Grisa nera is a red Italian wine grape variety that is grown in the Piedmont wine region of northwest Italy where it is used in both winemaking and as a table grape. The grape is most often used as a minor blending component with wines made from Barbera, Neretta Cuneese and Plassa.
In the early 21st century, DNA profiling showed that Grisa nera had a parent-offspring relationship with another red Piedmontese wine grape, Avarengo, though it is not yet known which grape is the parent and which is the offspring. However, this strong relationship between two grapes that are grown almost exclusively in the Piedmont region strongly suggest that both varieties are native to Piedmont.
Grisa nera is a mid to late ripening variety that is used for both wine and table grape production. The vine can be very vigorous, producing large foliage but often has low fertility and is generally low yielding. While Grisa nera has good resistance to most fungal diseases, such as downy and powdery mildew, it is susceptible to the viticultural hazard of coulure.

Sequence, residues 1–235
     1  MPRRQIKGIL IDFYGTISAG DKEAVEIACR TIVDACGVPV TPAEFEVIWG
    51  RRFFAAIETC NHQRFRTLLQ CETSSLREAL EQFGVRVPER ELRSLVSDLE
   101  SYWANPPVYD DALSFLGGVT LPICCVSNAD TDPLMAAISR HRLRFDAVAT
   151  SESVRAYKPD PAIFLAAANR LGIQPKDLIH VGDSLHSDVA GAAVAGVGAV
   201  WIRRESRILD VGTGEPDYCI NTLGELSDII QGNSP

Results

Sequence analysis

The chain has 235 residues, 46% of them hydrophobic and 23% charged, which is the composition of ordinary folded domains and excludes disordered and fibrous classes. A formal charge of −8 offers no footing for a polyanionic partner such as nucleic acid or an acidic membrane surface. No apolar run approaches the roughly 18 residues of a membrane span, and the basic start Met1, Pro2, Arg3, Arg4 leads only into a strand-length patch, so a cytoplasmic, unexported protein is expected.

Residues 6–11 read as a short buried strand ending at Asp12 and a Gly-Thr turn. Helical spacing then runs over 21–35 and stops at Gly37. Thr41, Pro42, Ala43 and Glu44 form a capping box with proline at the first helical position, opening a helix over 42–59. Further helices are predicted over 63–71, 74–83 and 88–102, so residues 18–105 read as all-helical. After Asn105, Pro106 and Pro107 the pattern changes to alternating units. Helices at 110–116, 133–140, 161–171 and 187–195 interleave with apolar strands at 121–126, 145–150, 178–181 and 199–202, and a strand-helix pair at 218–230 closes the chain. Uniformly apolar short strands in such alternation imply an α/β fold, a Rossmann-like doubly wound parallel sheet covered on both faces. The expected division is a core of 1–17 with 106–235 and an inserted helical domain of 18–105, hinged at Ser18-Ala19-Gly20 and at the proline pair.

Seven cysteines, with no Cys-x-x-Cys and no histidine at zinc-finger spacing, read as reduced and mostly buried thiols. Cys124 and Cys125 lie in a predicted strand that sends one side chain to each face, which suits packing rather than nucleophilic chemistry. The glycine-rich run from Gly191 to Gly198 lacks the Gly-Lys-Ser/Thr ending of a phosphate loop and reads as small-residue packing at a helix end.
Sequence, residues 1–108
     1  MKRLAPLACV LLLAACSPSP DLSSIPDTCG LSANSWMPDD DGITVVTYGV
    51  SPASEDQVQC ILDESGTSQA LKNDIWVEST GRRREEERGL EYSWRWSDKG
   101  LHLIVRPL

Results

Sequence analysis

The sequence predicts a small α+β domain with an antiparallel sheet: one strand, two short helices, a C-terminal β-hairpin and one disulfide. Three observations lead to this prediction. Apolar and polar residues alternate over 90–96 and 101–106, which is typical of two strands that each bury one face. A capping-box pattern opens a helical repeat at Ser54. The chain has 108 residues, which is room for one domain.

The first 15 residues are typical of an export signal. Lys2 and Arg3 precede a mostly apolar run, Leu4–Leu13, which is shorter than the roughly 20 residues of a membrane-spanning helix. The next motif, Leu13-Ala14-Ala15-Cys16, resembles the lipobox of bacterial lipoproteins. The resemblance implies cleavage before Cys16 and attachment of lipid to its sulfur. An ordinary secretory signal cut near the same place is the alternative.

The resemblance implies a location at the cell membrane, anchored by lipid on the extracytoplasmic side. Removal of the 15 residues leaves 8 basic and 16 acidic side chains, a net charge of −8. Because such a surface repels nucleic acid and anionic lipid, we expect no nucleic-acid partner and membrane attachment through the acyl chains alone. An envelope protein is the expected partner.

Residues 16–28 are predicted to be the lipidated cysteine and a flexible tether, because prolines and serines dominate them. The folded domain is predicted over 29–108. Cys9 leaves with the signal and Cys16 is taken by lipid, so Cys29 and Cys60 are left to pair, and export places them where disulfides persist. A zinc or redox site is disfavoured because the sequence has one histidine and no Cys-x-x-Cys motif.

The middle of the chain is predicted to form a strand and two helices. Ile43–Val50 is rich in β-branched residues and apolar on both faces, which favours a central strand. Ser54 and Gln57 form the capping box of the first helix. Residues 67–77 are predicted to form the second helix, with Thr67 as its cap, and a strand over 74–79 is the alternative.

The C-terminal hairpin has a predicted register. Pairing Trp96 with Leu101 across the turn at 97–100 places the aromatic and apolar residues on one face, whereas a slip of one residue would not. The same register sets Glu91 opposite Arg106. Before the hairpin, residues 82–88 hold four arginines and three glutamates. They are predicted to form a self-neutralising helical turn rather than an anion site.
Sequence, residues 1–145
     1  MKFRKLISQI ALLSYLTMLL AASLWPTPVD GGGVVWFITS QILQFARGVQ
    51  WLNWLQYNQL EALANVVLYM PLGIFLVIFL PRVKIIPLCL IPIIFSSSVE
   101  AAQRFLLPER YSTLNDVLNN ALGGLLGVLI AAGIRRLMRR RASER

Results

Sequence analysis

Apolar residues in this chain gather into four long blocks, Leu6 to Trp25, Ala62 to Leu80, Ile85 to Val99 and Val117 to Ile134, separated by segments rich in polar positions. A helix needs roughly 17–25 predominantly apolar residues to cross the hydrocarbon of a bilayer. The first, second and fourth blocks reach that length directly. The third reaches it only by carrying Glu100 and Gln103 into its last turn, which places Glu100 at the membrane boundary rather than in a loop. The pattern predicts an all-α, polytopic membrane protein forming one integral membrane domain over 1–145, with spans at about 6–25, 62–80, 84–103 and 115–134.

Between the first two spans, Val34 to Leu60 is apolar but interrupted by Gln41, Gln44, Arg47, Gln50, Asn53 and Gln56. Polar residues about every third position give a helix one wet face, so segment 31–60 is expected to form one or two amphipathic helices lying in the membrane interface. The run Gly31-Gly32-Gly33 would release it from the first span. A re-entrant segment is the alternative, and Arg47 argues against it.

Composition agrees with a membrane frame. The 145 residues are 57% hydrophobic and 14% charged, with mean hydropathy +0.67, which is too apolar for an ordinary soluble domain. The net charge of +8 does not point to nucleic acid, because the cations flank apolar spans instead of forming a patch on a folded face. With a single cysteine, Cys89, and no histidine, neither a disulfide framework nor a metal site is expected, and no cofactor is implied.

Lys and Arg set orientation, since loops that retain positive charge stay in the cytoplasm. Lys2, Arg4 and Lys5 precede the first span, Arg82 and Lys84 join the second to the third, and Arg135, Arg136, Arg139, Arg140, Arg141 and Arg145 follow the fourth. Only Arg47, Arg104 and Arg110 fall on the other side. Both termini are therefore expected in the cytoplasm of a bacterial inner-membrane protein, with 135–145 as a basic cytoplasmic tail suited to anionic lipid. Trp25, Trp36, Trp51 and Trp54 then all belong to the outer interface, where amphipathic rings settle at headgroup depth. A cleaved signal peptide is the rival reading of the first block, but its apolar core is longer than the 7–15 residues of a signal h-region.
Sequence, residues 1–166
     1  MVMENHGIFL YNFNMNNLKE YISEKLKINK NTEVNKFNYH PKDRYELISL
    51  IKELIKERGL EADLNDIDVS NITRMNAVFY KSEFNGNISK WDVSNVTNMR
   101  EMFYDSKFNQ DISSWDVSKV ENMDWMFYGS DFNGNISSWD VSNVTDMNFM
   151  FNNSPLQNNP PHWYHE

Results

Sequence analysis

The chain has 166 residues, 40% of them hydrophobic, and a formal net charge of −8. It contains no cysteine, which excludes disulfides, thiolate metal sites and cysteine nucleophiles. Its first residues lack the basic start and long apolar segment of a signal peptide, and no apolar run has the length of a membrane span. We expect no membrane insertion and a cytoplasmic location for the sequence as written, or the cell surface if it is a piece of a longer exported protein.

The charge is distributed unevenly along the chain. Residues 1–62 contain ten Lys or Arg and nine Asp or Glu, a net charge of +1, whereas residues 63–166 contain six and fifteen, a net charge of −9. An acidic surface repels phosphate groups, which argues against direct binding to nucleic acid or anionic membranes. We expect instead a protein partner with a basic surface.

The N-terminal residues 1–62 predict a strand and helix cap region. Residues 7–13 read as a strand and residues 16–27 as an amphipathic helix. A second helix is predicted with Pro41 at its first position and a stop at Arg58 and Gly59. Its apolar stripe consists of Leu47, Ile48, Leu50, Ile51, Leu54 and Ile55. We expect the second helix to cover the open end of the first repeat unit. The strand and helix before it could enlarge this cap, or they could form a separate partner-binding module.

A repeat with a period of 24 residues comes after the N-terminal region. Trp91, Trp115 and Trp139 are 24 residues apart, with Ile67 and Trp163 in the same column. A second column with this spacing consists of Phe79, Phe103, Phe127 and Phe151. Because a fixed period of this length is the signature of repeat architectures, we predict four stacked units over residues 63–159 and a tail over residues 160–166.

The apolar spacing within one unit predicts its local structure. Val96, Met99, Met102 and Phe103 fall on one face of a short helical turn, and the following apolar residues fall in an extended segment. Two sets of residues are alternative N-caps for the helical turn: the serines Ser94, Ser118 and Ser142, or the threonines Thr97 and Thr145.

Grisa nera is almost exclusively found in the foothills of the Alps in the Piedmont wine region of Italy. Here it is grown around the town of Pinerolo in the province of Turin and along the lower reaches of the Susa Valley. A few plantings of Grisa nera can also be found in the province of Cuneo. Throughout Piedmont, the grape is most often found in the field blends in the vineyard and in the winery is often blended with other local Piedmontese wine grapes including Barbera, Neretta Cuneese and Barbera.